Our friend at Baskervill in Richmond, Virginia offered us some insights into how green design strategies can be applied to a large commercial distribution facility to yield tangible savings. They were able to achieve 5-year pay-back for all of the green design investment incorporated, while making it possible for the client to realize an additional tax rebate to further justify the up-front investments. This case study is just another example of how all architecture should be green architecture.
The Trivett Distribution Center is a 300,000 square foot warehouse that Baskervill designed to capture all of the tax credits available through the Energy Policy Act of 2005. The distribution center achieved 57 percent more energy efficiency than the baseline energy standards.
The Energy Policy Act of 2005 (EPAct 2005) was enacted to provide a new federal tax deduction for expenses incurred for new and renovated energy-efficient commercial buildings. The maximum deduction for the whole building is equal to $1.80 per square foot, with partial deductions available. Applicants must acquire the blueprint for energy tax incentives from their qualified tax professional. The EPAct 2005 includes incentives for building owners as well as the lessee.
The improvements must reduce the energy and power operational costs by a minimum of 16 2/3 percent over the baseline energy standard as outlined in the ASHRAE 90.1-2001 requirements, the code minimum at the time the act was established. A qualified engineer is required to prepare an energy model using certified software as approved by te Department of Energy.
The maximum deduction is reached by achieving 50 percent over the baseline energy standard, which allows full credit of $0.60 per square foot for each of the three separate building systems:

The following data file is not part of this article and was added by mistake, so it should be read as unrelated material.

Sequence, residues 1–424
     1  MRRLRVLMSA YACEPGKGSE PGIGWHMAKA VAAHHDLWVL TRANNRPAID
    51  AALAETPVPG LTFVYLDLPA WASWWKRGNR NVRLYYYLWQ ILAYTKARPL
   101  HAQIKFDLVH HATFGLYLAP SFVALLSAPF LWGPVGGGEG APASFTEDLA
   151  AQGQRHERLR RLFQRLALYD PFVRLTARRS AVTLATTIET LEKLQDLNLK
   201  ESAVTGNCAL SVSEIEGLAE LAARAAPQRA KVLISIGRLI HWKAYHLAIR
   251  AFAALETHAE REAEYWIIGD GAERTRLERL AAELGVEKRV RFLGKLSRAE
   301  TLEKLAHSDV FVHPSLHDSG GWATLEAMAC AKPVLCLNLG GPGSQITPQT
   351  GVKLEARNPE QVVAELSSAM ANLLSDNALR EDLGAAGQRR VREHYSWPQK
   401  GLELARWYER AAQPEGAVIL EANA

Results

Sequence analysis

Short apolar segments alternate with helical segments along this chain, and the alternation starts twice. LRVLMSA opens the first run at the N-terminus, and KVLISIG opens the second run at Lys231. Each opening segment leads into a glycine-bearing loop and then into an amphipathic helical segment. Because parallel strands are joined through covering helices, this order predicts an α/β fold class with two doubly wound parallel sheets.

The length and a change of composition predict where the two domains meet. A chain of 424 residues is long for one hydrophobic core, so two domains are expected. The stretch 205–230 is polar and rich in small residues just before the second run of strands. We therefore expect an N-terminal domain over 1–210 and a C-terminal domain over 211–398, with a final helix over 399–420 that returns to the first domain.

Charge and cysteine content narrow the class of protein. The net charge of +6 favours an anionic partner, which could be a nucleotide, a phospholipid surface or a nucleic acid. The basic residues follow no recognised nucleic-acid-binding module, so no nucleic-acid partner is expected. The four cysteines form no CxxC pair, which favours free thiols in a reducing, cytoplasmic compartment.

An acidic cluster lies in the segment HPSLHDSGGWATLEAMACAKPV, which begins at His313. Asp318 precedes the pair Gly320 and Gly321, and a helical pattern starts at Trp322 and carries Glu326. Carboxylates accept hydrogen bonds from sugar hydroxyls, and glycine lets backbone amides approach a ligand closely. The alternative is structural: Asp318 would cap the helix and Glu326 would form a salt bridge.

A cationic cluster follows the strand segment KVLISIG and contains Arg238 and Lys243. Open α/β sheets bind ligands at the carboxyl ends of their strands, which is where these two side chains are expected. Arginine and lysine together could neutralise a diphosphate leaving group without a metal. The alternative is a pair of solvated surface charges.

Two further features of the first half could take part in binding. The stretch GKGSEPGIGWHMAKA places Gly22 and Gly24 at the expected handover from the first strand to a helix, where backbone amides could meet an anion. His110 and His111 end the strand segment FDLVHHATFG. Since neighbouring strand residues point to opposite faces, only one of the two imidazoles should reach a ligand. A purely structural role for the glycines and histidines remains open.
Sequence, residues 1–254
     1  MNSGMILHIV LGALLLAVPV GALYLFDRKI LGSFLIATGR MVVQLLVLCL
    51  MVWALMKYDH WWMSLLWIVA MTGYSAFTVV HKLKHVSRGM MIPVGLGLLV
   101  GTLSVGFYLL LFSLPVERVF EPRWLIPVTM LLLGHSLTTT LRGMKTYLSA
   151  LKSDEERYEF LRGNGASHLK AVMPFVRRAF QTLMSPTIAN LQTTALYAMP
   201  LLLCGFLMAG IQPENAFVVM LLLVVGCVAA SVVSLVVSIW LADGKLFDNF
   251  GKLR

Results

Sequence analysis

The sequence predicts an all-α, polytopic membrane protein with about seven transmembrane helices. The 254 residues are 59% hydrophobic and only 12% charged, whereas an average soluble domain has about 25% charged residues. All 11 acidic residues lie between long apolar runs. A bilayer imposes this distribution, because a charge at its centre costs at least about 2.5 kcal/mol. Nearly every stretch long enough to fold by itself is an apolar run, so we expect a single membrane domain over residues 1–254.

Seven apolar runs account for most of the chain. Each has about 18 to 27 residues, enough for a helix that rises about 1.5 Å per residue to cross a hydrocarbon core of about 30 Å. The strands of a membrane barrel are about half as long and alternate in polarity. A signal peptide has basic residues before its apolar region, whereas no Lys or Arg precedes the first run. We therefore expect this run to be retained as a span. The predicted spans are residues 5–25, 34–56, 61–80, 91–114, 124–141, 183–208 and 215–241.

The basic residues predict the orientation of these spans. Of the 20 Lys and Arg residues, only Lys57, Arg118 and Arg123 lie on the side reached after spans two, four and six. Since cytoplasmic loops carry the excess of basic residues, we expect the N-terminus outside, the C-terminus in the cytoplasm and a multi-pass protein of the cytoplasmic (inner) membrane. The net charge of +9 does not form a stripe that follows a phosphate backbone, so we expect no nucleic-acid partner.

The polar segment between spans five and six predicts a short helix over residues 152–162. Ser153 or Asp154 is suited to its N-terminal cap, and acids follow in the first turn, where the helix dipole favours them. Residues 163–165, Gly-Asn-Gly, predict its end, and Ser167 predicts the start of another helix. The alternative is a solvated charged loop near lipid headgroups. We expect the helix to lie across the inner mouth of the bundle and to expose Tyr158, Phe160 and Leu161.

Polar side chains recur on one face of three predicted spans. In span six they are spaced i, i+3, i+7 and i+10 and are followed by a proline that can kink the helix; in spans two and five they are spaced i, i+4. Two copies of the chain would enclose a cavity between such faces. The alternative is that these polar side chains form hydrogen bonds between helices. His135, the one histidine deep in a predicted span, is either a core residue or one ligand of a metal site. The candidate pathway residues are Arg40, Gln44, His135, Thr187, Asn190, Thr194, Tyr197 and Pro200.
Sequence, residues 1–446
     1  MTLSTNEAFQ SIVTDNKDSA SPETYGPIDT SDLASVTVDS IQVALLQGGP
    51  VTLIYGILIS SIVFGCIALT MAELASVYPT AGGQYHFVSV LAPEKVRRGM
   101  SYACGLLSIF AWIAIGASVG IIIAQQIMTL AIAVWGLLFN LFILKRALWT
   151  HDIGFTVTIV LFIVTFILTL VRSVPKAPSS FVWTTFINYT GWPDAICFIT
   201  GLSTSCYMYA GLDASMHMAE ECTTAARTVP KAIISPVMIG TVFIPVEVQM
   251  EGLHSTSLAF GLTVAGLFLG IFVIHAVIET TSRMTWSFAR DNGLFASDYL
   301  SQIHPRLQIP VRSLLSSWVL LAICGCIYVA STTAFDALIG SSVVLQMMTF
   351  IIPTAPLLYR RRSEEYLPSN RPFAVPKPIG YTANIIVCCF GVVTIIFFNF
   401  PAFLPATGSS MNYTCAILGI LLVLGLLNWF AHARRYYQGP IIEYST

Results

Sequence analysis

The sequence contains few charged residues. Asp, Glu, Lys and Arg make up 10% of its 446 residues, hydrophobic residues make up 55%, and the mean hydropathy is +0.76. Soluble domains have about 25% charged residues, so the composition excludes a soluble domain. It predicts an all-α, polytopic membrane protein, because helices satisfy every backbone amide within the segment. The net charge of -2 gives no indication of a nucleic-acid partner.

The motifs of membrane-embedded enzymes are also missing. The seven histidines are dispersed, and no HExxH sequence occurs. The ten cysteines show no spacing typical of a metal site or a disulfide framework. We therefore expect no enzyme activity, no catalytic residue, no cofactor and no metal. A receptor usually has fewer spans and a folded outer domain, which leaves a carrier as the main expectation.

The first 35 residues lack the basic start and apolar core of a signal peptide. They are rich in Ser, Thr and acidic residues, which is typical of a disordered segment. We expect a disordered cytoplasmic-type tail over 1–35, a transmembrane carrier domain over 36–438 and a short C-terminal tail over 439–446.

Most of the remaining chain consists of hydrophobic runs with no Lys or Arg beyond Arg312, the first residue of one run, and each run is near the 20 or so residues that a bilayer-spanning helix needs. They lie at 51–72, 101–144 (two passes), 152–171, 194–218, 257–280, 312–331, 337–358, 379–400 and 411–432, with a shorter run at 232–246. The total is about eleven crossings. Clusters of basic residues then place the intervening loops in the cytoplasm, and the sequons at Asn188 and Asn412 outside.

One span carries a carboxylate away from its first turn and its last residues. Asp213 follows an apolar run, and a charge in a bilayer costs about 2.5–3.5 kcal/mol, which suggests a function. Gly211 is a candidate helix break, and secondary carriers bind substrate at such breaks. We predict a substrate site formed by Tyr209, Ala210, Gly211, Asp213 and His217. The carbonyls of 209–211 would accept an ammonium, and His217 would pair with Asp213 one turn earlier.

- Interior lighting system
- Heating, cooling, ventilation, and hot water systems
- Building envelope
Some of the strategies employed include:
- Automatic lighting controls, occupant sensors, photocells, timeclocks
- Semi-conditioned space – heating and air conditioning with reduced thermal comfort standards
- Improved fan efficiency, reductions in static pressure
Currently EPAct 2005 tax deductions have been extended until 2013. The calculated payback for Trivett is under five years without factoring in the tax deduction. Due to the overwhelming success of this project, our industrial team attempts to achieve some level of EPAct benchmarks in all of our distribution centers as a standard of practice. Having the incentives in place gives our clients the financial benefits for having done so.
Water-proof Membrane (No vapor barriers required): Continuous on all six sides of building either above or below continuous insulation.
Lighting: Use only dimmable fluorescent (T-5) with 10% dimming electronic ballasts controlled by sensors to use available day light. Use recommended minimum IESNA foot candle levels for the specific visual task. Automatic occupancy sensors to turn off lighting when occupant leaves a space, and solar sensing blinds to prevent direct sun into the occupied space.
Glass: Exceed Energy Code minimums for performance. All glass on North & South exposures with South facing glass using external sun shades. No glass on East or West exposures.
Building Automation Systems: Controlling occupied/unoccupied times of day to optimize lighting, temperatures, security, fire detection and alarm systems.
Insulation: Exceed Energy Code minimums with continuous board insulation type (foam, rigid or fiberglass) for all six sides of building (foam only below lowest floor slab).
Energy Model – Computer software used to calculate energy, power consumption and costs must be approved by the Department of Energy
Heat Recovery Device – Building exhaust air used to pre-heat incoming ventilation air-Total Energy Wheel is best.
Smaller HVAC Loads – Smaller units = less weight on building = smaller footings and structural elements
57% energy use reduction
65% less energy for lighting
25% less energy for air intake
50% high efficacy in mechanical system fans
14% higher mechanical system combustion efficiency
50% higher efficient windows
47% less solar heat gain
16X more efficient warehouse roll-up doors
13X more efficient partitions separating offices and warehouse space
4.7X better insulation value in building envelope
3.3X better insulation value in the office envelope
Baskervill Environmental and Energy Practices (BEEP) is an internal resource aimed at educating clients on design that will benefit the environment, as well as maximizing the financial incentives available. Baskervill boasts 26 BEEP team members, over 20 LEED APs, and has currently completed eight LEED certified projects with two more underway.